Have you ever bought a new pair of jeans, wore them once, washed them, and when you try to wear them again come to find… they’ve shrunk!? If your clothing vendor of choice was required to conform to the ASTM F1506 specifications of AATCC 135 Dimensional Change of Fabrics after Home Laundering, that might not have happened! ASTM F1506 requires shrinkage for all woven fabrics to be less than 3%. The committee has been discussing revising this to 5% for some time, but the change has not occurred to date. This explains the standard we test to when a client fully tests to ASTM F1506 and the requirements a certification body like SEI (Safety Equipment Institute) or UL would review when third-party certifying to ASTM F1506. Most companies self-certify to ASTM F1506.
What is AATCC 135 Dimensional Change of Fabrics after Home Laundering?
“This test method is intended for the determination of dimensional changes of fabrics when subjected to home laundering procedures used by consumers” – Source: AATCC 135 (editorial edits added)
The AATCC 135 test method designates how to measure the growth and shrinkage of fabrics after laundering. The wash specifications are spelled out in the method; for ASTM F1506 we use Machine Cycle 3, Wash Cycle IV, & Drying Procedure A iii for five wash & dry cycles. In actual home laundering terms that would be: permanent press with hot water and tumble dry on permanent press. Additionally, the wash requires a standardized detergent, in either 66g for a 4 lb. wash load, or 80g for an 8 lb. wash load.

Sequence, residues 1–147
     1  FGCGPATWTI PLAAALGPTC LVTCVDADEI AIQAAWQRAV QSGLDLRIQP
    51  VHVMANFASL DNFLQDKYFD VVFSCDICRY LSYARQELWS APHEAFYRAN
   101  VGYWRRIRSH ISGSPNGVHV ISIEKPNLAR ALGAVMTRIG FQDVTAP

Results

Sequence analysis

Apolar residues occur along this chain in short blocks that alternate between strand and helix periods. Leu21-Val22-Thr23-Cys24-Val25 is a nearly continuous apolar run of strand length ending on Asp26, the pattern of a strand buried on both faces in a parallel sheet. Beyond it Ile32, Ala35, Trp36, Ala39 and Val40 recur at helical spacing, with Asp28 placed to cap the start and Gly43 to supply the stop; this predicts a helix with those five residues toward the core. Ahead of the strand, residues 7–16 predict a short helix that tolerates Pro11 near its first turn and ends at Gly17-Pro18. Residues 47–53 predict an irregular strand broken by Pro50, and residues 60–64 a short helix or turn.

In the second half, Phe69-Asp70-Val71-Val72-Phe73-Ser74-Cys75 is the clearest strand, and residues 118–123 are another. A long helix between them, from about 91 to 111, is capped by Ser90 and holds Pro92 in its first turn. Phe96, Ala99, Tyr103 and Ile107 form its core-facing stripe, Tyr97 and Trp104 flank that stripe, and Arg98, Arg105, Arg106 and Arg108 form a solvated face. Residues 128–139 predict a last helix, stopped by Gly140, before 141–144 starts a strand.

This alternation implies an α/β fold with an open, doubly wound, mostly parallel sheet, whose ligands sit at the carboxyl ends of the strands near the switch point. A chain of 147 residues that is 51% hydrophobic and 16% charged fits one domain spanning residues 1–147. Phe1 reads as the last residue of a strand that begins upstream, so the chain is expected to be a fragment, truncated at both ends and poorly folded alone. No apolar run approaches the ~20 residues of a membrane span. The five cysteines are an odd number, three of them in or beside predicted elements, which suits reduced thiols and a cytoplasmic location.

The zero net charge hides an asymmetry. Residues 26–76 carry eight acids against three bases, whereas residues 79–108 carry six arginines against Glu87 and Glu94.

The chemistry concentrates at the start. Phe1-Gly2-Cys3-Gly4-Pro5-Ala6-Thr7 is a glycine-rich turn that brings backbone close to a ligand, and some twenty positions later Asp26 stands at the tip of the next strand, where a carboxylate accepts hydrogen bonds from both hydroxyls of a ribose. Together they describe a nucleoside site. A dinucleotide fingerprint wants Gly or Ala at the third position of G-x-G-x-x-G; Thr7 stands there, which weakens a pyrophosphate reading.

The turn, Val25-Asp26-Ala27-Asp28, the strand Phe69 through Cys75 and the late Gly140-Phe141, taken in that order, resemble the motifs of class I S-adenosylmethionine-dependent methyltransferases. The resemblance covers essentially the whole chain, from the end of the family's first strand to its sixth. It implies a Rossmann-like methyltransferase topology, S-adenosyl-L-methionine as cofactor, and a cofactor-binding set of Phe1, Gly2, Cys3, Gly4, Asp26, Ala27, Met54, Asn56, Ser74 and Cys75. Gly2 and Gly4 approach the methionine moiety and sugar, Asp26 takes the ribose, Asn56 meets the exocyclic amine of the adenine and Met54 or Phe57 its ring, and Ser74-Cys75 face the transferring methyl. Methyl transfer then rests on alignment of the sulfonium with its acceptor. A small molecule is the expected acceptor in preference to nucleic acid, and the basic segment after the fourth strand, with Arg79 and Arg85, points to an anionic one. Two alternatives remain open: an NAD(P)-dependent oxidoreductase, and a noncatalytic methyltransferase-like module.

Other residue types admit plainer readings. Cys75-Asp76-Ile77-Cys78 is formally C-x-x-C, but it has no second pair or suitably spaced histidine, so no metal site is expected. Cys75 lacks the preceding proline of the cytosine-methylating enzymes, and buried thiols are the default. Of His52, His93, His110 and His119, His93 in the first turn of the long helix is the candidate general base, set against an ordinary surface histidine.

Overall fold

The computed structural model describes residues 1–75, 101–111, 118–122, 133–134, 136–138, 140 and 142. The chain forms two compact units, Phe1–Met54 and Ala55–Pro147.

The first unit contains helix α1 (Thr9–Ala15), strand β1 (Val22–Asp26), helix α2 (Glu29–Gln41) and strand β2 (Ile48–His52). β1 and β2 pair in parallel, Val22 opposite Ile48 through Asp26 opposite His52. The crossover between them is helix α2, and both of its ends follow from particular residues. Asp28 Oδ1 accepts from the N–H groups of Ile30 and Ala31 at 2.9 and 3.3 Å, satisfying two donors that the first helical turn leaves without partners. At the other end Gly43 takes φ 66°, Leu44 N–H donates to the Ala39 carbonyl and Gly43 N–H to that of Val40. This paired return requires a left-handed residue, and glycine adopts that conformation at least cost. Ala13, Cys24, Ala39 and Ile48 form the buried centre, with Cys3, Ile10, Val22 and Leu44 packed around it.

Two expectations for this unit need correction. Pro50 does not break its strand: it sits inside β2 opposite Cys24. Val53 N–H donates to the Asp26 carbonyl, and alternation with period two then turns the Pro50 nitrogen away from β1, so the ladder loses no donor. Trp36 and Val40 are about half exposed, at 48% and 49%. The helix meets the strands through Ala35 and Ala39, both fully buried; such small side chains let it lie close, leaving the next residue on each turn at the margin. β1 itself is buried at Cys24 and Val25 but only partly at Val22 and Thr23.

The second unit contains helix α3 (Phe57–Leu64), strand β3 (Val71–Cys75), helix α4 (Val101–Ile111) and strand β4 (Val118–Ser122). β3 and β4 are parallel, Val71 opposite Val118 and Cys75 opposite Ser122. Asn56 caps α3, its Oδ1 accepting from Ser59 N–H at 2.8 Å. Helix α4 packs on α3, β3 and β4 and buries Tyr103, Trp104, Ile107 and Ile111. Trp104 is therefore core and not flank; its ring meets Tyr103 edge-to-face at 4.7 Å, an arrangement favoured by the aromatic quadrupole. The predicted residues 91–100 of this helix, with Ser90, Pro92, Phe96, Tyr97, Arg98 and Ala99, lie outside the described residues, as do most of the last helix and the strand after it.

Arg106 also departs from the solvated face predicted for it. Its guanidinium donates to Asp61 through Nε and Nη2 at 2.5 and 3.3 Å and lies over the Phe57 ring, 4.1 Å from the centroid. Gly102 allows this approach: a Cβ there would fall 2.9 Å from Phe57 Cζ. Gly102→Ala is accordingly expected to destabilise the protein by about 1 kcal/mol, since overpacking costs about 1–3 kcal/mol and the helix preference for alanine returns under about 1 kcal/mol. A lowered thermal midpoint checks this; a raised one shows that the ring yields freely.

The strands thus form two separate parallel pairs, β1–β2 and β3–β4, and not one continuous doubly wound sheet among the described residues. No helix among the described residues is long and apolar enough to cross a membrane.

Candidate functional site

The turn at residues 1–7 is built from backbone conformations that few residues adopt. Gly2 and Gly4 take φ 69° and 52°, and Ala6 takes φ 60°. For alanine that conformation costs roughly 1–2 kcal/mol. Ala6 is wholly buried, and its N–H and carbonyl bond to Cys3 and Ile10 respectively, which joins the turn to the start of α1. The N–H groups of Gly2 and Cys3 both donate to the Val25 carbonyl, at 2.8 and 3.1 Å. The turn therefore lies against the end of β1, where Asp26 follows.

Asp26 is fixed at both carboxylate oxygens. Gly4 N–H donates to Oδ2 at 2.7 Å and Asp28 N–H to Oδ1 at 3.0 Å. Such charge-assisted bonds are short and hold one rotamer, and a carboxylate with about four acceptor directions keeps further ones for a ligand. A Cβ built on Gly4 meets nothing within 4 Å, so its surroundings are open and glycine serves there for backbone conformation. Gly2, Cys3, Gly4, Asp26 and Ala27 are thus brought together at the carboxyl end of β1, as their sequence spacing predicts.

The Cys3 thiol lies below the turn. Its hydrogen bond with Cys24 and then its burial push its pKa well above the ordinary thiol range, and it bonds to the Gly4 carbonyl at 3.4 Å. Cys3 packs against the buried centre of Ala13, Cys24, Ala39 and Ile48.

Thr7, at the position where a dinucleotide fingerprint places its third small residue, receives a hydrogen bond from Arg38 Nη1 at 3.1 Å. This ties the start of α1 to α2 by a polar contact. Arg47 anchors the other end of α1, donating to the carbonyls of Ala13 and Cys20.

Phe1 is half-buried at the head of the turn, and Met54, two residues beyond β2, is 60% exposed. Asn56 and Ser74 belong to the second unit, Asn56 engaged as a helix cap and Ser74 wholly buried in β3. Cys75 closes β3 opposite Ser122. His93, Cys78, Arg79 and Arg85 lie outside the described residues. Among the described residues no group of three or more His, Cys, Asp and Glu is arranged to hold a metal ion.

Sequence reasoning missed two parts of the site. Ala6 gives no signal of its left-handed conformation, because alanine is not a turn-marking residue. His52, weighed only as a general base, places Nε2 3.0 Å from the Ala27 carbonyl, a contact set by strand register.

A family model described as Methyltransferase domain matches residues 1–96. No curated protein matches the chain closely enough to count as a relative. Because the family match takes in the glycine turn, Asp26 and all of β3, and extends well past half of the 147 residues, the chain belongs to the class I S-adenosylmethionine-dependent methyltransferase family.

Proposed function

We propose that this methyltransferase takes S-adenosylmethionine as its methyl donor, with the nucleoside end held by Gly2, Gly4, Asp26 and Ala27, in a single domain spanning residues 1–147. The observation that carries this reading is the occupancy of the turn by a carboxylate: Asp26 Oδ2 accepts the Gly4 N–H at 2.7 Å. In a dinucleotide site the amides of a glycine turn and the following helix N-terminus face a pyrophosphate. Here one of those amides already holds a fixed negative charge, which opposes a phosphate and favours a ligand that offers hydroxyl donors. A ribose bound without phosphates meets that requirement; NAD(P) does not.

After washing, we determine the percent change of the material: Dimensional Change (%) = 100 x (n’–n)/n where n represents the original measurement and n’ is the measurement after laundering.
To prepare our specimens per the method, we first cut three 15”x15” squares from the fabric sample with diagonal spacing between the selvages and following the machine direction (Figure 1 from AATCC 135-2012).
We then mark each specimen with a set of benchmarks in a 10” square (Figure 2 from AATCC 135-2012)
With our marked specimens we measure both the length & width at three different benchmarks; and record and average these as the initial measurements (n). We now wash the squaresper the standard, and measure the benchmarks again to record and average the post laundering measurements (n’). Using the averages we calculate percentage change in the length and width directions. Shrinkage is reported with a (-) sign, and growth is reported with a (+) sign. Finally, we determine the absolute average of both directions to determine the overall change.
We specify change because fabrics don’t always shrink!
Just like shrinking jeans, you might also have had a t-shirt that stretched out after a wash. Knits are more likely to shrink or grow than woven fabrics because of their construction, so ASTM F1506 doesn’t set a requirement for dimensional change on knitted materials; but, it does require the laboratory to report the result to the garment manufacturer for design considerations and to adjust for shrinkage. Woven fabrics, though, have a more uniform construction, and are not permitted to change more than 3% in the test protocol of the standard. Even then, sometimes fabrics shrink in one direction, but grow in another. Thus, after reporting the change by direction (shrinkage or growth), we determine change based on the absolute average, to account for OVERALL change, not just the average of positive and negative integers.
Why is all of this important? First, shrinkage slightly affects the arc rating. Some manufacturers have allowed shrinkage for testing in arc, and then controlled it for testing in dimensional change in order to meet the ASTM F1506 specification. This can give an unfair arc rating to the fabric. This is why ArcWear reports Actual Aerial Density (AAD) on all fabrics in arc testing. When we work with SEI to certify a fabric, we perform arc testing and dimensional change from the same sample to assure that the fabric gives a realistic arc rating.
Additionally, if an electrical worker’s clothing has shrunk, the worker might either wear the gear improperly, or make modifications to the gear, both of which can be hazardous considering their work environment. So the answer is: to keep them safe, get tested.
That’s all from us at ArcWear, see you next time at Behind the Arc Rating!